3. The caller places the first arguments in registers R0-R3, in that order. The caller moves the remaining arguments to the argument block in reverse order, placing the leftmost remaining argument at the lowest address. Thus, the leftmost remaining argument is placed at the top of the stack.

  4. If arguments were stored onto the argument block in step 3, the caller reserves a word in the argument block for dual-state support.

3.4.2. How a Called Function Responds

A called function (child function) must perform the following tasks:

  1. If the function is declared with an ellipsis, it can be called with a variable number of arguments. The called function pushes these arguments on the stack if they meet both of these criteria:

    • The argument includes or follows the last explicitly declared argument.

    • The argument is passed in a register.

  2. The called function pushes register values of all the registers that are modified by the function and that must be preserved upon exit of the function onto the stack. Normally, these registers are the save-on-entry registers (R4-R11 and R14 (alternate names are V1 to V8 and LR)) and the link register (R14) if the function contains calls. If the function is an interrupt, additional registers may need to be preserved. For more information, see Interrupt Handling.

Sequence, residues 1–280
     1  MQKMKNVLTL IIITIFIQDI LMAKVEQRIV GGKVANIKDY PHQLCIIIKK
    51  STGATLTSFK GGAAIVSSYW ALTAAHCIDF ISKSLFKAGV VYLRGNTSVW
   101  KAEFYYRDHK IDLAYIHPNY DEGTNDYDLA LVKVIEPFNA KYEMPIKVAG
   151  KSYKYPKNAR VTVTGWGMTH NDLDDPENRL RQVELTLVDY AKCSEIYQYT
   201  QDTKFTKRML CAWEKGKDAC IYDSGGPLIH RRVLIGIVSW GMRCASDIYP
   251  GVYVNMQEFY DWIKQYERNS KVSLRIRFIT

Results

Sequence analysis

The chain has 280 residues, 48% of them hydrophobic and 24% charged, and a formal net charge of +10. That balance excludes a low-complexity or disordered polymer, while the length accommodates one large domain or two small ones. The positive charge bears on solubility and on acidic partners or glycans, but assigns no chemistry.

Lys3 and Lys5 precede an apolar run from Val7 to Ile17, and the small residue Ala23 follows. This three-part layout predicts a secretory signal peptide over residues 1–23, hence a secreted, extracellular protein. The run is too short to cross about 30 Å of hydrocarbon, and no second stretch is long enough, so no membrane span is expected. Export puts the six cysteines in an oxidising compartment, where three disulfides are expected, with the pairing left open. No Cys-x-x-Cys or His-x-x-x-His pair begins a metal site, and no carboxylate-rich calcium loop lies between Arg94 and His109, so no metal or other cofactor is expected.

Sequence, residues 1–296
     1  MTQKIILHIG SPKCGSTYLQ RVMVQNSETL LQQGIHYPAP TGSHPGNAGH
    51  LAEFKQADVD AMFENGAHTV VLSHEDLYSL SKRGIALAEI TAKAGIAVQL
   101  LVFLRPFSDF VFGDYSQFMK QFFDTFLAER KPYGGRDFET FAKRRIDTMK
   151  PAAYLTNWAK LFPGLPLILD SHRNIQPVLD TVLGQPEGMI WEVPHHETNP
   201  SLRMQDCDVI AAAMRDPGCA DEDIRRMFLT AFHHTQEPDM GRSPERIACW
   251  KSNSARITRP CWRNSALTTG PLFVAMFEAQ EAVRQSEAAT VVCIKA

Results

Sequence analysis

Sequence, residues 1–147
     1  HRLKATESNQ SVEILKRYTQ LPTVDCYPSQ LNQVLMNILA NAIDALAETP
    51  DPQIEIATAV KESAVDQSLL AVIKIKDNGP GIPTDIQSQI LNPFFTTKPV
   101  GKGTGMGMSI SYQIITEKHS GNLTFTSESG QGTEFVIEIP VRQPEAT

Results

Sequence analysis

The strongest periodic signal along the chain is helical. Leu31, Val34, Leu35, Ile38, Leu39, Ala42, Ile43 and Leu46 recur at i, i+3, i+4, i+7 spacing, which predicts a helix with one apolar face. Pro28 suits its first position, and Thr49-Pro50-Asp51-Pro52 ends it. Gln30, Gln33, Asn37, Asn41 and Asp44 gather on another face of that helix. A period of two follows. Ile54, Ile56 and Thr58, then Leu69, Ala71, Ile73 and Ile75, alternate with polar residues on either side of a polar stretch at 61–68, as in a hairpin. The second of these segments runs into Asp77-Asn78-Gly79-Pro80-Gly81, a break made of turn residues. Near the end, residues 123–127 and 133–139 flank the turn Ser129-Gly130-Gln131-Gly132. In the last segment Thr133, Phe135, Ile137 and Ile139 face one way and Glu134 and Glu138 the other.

3. The called function allocates memory for the local variables and argument block by subtracting a constant from the SP. This constant is computed with the following formula:

    size of all local variables + max = constant

    The max argument specifies the size of all parameters placed in the argument block for each call.

  4. The called function executes the code for the function.

  5. If the called function returns a value, it places the value in R0 (or R0 and R1 values).

  6. If the called function returns a structure, it copies the structure to the memory block that the first argument, R0, points to. If the caller does not use the return value, R0 is set to 0. This directs the called function not to copy the return structure.

    Structures and unions are always passed by reference.

    In this way, the caller can be smart about telling the called function where to return the structure. For example, in the statement s = f(x), where s is a structure and f is a function that returns a structure, the caller can simply pass the address of s as the first argument and call f. The function f then copies the return structure directly into s, performing the assignment automatically.